Bugaytsova JA, Björnham O, Chernov YA, Gideonsson P, Henriksson S, Mendez M, Sjöström R, Mahdavi J, Shevtsova A, Ilver D, Moonens K, Quintana-Hayashi MP, Moskalenko R, Aisenbrey C, Bylund G, Schmidt A, Åberg A, Brännström K, Königer V, Vikström S, Rakhimova L, Hofer A, Ögren J, Liu H, Goldman MD, Whitmire JM, Ådén J, Younson J, Kelly CG, Gilman RH, Chowdhury A, Mukhopadhyay AK, Nair GB, Papadakos KS, Martinez-Gonzalez B, Sgouras DN, Engstrand L, Unemo M, Danielsson D, Suerbaum S, Oscarson S, Morozova-Roche LA, Olofsson A, Gröbner G, Holgersson J, Esberg A, Strömberg N, Landström M, Eldridge AM, Chromy BA, Hansen LM, Solnick JV, Lindén SK, Haas R, Dubois A, Merrell DS, Schedin S, Remaut H, Arnqvist A, Berg DE, Borén T
Cell Host Microbe 21 (3) 376-389 [2017-03-08; online 2017-03-11]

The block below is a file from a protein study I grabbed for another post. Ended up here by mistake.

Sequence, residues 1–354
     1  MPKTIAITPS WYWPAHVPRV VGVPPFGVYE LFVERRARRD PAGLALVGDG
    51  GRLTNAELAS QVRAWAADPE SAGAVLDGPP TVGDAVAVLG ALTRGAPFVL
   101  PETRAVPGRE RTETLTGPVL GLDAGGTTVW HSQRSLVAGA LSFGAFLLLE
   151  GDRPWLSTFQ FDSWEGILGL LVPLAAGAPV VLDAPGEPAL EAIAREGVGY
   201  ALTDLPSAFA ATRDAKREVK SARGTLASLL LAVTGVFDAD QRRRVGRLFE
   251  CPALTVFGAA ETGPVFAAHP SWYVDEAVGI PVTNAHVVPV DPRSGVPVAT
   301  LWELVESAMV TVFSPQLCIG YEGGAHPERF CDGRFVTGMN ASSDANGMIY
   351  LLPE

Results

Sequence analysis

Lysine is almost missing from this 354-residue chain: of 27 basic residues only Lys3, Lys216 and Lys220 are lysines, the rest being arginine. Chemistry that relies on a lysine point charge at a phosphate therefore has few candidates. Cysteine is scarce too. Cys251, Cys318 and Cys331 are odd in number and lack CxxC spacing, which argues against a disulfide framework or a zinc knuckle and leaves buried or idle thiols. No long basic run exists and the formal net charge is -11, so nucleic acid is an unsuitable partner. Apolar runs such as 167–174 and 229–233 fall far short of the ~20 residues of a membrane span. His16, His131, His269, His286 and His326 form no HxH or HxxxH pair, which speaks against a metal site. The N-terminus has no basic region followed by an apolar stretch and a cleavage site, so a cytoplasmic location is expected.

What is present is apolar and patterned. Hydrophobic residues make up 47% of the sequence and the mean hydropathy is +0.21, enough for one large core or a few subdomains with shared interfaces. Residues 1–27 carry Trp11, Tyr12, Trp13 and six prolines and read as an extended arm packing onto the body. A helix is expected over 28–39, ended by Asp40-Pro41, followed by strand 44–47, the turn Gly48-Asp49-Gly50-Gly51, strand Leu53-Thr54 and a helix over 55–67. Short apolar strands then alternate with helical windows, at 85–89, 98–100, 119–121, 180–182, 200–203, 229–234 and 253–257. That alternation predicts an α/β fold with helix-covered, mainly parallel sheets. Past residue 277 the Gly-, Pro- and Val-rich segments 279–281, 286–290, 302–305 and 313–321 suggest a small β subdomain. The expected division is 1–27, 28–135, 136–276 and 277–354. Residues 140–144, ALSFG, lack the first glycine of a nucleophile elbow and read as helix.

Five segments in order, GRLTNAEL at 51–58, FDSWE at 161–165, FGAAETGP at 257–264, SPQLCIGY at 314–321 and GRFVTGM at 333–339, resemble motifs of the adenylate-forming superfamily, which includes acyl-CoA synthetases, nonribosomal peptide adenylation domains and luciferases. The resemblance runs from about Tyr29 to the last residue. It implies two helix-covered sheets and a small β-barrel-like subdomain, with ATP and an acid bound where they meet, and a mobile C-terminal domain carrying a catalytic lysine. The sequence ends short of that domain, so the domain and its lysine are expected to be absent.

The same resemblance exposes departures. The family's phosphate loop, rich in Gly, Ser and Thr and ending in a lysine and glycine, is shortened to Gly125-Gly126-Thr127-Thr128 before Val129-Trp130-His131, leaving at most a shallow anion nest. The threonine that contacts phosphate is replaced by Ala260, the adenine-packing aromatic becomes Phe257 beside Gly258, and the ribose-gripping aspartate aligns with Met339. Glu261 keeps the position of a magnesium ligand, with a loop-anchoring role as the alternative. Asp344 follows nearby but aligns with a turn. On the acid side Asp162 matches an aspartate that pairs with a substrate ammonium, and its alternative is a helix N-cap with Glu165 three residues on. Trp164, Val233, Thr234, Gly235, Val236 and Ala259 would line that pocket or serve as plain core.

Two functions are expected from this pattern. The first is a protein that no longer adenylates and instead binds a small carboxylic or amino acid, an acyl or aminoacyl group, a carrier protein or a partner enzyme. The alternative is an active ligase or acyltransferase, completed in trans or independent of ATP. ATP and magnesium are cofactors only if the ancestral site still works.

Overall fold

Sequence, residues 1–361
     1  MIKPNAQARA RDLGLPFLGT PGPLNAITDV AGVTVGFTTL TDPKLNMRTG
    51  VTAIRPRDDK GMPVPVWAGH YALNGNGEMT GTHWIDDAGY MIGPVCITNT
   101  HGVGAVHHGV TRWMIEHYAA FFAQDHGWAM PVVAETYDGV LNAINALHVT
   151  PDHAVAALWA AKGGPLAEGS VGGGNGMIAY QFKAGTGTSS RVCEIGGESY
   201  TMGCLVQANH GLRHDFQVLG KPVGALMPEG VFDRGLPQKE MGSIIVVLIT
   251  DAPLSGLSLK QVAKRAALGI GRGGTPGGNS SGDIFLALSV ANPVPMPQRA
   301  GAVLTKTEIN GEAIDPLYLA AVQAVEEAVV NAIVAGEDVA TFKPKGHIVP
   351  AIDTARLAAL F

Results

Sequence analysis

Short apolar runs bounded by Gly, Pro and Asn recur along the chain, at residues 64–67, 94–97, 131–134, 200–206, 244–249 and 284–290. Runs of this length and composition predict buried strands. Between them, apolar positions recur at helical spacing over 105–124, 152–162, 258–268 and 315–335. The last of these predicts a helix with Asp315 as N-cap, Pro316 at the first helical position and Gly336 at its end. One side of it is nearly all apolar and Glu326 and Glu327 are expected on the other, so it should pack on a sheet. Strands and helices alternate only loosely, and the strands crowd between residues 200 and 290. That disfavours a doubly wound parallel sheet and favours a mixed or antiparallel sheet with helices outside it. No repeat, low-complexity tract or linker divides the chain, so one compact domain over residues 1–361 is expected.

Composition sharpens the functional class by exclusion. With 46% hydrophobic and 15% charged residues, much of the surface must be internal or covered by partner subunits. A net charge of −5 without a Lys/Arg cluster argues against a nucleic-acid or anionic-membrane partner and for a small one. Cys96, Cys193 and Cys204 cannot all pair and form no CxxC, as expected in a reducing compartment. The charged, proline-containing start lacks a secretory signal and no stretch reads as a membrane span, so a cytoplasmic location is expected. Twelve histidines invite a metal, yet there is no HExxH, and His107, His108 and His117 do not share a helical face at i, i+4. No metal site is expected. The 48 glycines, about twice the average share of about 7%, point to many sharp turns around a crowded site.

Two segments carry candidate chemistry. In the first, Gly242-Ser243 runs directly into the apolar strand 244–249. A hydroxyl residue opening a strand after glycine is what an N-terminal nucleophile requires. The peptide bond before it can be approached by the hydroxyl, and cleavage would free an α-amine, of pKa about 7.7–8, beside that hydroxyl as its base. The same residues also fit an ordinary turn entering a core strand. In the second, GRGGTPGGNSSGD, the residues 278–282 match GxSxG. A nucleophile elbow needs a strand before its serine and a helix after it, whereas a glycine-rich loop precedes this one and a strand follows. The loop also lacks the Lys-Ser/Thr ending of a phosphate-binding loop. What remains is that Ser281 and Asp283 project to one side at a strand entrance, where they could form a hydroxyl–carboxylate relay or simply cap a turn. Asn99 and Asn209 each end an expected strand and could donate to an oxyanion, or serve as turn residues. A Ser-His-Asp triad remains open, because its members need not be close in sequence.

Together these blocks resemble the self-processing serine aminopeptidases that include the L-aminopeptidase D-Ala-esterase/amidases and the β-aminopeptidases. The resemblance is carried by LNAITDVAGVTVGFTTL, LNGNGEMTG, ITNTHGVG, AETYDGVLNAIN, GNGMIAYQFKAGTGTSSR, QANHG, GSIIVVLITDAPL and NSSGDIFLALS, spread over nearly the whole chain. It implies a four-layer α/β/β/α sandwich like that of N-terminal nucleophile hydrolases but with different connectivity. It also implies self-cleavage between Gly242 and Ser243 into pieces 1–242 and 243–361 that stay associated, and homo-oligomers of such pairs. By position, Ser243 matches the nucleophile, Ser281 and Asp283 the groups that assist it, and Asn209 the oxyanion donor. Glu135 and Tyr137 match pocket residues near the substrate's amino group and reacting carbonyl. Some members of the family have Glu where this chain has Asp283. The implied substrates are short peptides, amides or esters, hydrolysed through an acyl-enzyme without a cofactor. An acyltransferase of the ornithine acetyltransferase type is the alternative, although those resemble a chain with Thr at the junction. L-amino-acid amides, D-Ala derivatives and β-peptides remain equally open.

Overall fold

The BabA adhesin mediates high-affinity binding of Helicobacter pylori to the ABO blood group antigen-glycosylated gastric mucosa. Here we show that BabA is acid responsive-binding is reduced at low pH and restored by acid neutralization. Acid responsiveness differs among strains; often correlates with different intragastric regions and evolves during chronic infection and disease progression; and depends on pH sensor sequences in BabA and on pH reversible formation of high-affinity binding BabA multimers. We propose that BabA's extraordinary reversible acid responsiveness enables tight mucosal bacterial adherence while also allowing an effective escape from epithelial cells and mucus that are shed into the acidic bactericidal lumen and that bio-selection and changes in BabA binding properties through mutation and recombination with babA-related genes are selected by differences among individuals and by changes in gastric acidity over time. These processes generate diverse H. pylori subpopulations, in which BabA's adaptive evolution contributes to H. pylori persistence and overt gastric disease.